I read aloud the first chapter from Mary’s Long Life, entitled “Flow,” pausing for the passing of a helicopter, listening to our neighbor rummage through the recycling bins. She doesn’t speak much English, and my Spanish is scant, so we mostly greet each other and smile. Her husband used to load up his truck, parked directly in front of our gate, with used, tossed-aside machines and metal to drive to the yard to exchange for cash. Last week, I spoke to my other neighbor, e, and asked if this woman needed anything. I hadn’t seen her husband for some time, and the truck hadn’t been moved. He passed away a few months ago, E told me. I’ll ask if she needs help, but I know her son lives in the mid-west and helps her, and she likes living here. E told me that she and her husband still drive the woman and her truck, no longer filled to overflowing, to the yard to exchange the metal for her income.

She is widowed. I know nothing of her life, her experience of Los Angeles, and this neighborhood.

As we sat in our make-shift isolation space, she passed by us, her eyes above her mask acknowledging us, seemingly smiling, as she waved and made her way about her work.

I continued to read out loud from Mary, as the Los Angeles golden hour light washed over the newly remodeled apartment building next to us, the one with the automatic and dysfunctional security gate the new owners installed to make the new, mostly 20-30 something, tenants feel safe. That gate has never worked properly, at one point opening and closing endlessly, now doing it with a loud sound like an old man snorting.

“But even paradise must have rules,” Mary Oliver wrote. “I do not know whether or not those rules were engendered in the beginning by divine deftness or by chance. I rather think chance was the origin – though perhaps the chance was offered divinely – for the rules are neither nice nor neat; simply workable, and therefore, in the quest for life rather than no-life, sublime. Every vitality must have a mechanism that recommends it to existence – what seems like ornamentation or phantasm is pure vitality. It comes from an engine of mist and electricity that may be playful, and must be assertive. And also, against the odds of endurance in the great-shouldered sea, prolific.”  (Mary Oliver, “Flow,” from Long Life.)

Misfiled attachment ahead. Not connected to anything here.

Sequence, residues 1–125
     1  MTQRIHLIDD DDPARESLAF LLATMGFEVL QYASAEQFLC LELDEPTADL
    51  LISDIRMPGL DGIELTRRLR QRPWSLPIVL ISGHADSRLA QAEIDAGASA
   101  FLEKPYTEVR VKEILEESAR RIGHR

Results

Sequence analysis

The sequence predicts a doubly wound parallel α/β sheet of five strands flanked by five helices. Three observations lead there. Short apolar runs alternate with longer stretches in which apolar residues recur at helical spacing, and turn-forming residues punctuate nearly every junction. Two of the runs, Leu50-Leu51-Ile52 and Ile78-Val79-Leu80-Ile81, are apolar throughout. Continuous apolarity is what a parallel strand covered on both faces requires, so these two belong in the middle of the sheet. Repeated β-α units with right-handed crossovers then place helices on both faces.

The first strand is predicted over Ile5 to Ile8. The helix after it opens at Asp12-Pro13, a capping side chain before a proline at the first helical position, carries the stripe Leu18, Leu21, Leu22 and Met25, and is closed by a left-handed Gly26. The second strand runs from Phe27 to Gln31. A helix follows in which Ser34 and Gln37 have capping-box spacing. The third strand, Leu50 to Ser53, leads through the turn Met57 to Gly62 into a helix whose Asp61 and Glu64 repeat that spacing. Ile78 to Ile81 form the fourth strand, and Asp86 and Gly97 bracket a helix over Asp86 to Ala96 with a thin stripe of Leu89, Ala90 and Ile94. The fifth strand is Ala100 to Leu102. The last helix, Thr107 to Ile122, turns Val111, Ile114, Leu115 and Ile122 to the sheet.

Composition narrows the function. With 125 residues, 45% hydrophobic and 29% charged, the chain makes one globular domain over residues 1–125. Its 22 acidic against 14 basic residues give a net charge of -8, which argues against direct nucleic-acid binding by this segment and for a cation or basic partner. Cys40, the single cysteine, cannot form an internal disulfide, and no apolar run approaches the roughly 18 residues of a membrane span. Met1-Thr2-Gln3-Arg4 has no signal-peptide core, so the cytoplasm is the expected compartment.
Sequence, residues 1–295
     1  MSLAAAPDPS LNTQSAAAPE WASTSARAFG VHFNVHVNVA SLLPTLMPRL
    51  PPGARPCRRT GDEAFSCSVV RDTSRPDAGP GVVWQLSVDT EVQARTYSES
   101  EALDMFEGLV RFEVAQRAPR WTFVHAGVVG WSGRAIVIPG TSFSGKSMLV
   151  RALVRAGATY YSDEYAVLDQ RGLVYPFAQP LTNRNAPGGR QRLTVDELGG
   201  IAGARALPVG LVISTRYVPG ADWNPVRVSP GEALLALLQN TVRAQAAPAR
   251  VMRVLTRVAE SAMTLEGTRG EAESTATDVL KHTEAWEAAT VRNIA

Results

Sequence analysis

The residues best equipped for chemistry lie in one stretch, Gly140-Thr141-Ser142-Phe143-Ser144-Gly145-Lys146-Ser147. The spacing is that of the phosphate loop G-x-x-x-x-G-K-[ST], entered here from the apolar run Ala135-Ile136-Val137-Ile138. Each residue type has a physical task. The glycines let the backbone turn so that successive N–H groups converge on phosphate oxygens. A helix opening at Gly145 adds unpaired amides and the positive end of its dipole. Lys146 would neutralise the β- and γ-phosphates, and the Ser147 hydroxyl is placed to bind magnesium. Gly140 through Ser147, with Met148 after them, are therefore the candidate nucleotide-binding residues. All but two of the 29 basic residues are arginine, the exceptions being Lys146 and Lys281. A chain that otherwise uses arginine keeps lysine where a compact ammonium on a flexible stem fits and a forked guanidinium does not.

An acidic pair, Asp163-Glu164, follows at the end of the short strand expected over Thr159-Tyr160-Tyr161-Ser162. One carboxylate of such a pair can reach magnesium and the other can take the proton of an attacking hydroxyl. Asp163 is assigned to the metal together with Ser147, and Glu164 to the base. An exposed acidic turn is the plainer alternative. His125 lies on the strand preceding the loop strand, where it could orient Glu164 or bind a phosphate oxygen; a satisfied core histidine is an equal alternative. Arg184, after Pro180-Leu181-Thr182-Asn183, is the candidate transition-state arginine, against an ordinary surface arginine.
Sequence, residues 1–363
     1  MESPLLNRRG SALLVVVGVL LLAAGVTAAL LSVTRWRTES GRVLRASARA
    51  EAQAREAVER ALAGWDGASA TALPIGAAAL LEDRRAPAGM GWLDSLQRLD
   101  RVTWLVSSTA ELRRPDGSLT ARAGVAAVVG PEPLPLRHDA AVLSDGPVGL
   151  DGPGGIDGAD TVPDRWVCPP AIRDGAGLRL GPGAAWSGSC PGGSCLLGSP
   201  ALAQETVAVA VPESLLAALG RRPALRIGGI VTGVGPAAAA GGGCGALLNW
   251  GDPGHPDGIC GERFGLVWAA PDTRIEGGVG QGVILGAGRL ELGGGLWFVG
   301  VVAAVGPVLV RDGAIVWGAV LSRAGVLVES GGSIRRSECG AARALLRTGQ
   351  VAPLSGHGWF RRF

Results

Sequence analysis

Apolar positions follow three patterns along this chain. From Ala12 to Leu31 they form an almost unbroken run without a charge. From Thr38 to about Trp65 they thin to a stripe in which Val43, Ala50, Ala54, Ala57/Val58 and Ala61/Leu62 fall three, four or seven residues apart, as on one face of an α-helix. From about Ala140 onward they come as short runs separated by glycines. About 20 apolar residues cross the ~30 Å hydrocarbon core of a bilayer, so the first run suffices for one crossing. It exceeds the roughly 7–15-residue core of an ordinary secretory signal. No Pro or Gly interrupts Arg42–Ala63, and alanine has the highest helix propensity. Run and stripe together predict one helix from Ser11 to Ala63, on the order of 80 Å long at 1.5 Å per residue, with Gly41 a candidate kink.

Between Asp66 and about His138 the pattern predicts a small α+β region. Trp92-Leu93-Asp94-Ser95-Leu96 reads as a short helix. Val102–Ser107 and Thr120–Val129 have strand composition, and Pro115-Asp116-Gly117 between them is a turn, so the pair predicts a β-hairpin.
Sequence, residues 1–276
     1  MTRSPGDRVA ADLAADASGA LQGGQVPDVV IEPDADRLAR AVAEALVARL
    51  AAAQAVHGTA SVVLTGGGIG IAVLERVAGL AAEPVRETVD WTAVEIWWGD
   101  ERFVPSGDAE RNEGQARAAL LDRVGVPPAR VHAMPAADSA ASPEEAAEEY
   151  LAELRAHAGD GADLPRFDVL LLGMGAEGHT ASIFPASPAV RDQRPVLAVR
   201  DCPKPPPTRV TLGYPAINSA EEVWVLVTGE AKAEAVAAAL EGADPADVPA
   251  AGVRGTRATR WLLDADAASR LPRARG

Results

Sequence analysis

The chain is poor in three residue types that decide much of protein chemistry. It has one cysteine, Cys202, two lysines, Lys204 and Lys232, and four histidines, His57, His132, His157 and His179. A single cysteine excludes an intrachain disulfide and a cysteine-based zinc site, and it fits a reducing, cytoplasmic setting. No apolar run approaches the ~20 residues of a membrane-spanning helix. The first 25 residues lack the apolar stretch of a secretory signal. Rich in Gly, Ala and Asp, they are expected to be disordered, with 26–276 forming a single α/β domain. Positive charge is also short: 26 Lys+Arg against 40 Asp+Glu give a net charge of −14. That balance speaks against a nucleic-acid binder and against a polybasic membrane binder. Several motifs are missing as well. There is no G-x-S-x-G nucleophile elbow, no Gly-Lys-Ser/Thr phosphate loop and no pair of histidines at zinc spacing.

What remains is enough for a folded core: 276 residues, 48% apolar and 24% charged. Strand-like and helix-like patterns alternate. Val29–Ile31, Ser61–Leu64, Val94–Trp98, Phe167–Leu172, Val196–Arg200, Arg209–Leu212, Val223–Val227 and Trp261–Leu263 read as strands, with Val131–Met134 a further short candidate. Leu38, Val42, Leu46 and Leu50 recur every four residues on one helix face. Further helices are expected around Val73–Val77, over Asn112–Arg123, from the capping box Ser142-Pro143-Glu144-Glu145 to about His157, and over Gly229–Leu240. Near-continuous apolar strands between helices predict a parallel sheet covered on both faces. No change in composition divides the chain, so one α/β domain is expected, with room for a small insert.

The 20 or 30 something woman had blithely danced through the groaning, snorting gate to rush out to meet a man at his car, saying

OUT LOUD, for everyone living in the pandemic to hear:

“Oh my god! It’s been so long since I’ve seen you!”

And then we heard the sound of the unmasked kiss.

Neither friend / lover who had not been seen for so long wore a mask. Both were white.

Perhaps. Perhaps, they’d both just tested negative for Covid-19, both knowing that those tests were not false-negatives. And after the test they’d both self-quarantined, ordering in no take-out, seeing no one else, and this was their first contact, knowing they were both 100% positively negative.

Perhaps.

Meanwhile. As I write this the following day (May 17, 2020), there are 694 new cases, and 29 deaths. Today.

The numbers* based on age ranges show that the majority cases are not in my neighbor’s age range, but in ours, 41 – 65 (14, 619 total in L.A. County so far). But the number is not that different than in her age range: 12,531 deaths in ages 18-40.

The breakdown based on ethnicity shows that the Hispanic / Latinx community is the most at risk in L.A. County:

Asian
2480

Black
1580

Hispanic/Latino
12467

Native Hawaiian/Pacific Islander
256

White
4514


And, as March for Science shows in this graph, if we are following the same patterns of the contagion map of the 1918 / 1919 outbreak (which it appears we are), the worst outbreak is to come.


I was speechless as we watched the unmasked kiss between two people who “had not seen each other for so long.”

As I’d just read: “the rules are neither nice nor neat; simply workable, and therefore, in the quest for life rather than no-life, sublime.” – Mary Oliver